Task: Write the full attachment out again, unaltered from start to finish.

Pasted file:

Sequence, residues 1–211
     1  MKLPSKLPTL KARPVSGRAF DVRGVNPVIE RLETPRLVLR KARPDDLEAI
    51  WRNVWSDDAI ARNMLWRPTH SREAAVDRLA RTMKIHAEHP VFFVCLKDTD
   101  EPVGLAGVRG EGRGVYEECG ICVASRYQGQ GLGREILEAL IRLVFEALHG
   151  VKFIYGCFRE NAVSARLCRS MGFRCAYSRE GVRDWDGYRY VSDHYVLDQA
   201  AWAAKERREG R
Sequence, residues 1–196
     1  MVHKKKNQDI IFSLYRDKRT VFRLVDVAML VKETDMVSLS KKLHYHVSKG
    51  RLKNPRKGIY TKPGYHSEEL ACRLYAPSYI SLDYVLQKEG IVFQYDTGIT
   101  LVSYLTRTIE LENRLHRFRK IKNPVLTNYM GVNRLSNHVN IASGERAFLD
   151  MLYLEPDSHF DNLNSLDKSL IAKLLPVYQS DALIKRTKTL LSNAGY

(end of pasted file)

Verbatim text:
Sequence, residues 1–211
     1  MKLPSKLPTL KARPVSGRAF DVRGVNPVIE RLETPRLVLR KARPDDLEAI
    51  WRNVWSDDAI ARNMLWRPTH SREAAVDRLA RTMKIHAEHP VFFVCLKDTD
   101  EPVGLAGVRG EGRGVYEECG ICVASRYQGQ GLGREILEAL IRLVFEALHG
   151  VKFIYGCFRE NAVSARLCRS MGFRCAYSRE GVRDWDGYRY VSDHYVLDQA
   201  AWAAKERREG R
Sequence, residues 1–196
     1  MVHKKKNQDI IFSLYRDKRT VFRLVDVAML VKETDMVSLS KKLHYHVSKG
    51  RLKNPRKGIY TKPGYHSEEL ACRLYAPSYI SLDYVLQKEG IVFQYDTGIT
   101  LVSYLTRTIE LENRLHRFRK IKNPVLTNYM GVNRLSNHVN IASGERAFLD
   151  MLYLEPDSHF DNLNSLDKSL IAKLLPVYQS DALIKRTKTL LSNAGY